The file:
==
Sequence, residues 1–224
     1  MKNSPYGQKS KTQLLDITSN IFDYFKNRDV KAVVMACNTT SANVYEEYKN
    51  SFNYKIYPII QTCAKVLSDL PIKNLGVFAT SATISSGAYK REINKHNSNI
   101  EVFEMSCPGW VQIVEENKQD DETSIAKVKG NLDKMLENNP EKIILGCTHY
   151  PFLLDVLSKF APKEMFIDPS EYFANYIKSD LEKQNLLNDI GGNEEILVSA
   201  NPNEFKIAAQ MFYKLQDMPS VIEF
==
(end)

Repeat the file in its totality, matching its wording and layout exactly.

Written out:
Sequence, residues 1–224
     1  MKNSPYGQKS KTQLLDITSN IFDYFKNRDV KAVVMACNTT SANVYEEYKN
    51  SFNYKIYPII QTCAKVLSDL PIKNLGVFAT SATISSGAYK REINKHNSNI
   101  EVFEMSCPGW VQIVEENKQD DETSIAKVKG NLDKMLENNP EKIILGCTHY
   151  PFLLDVLSKF APKEMFIDPS EYFANYIKSD LEKQNLLNDI GGNEEILVSA
   201  NPNEFKIAAQ MFYKLQDMPS VIEF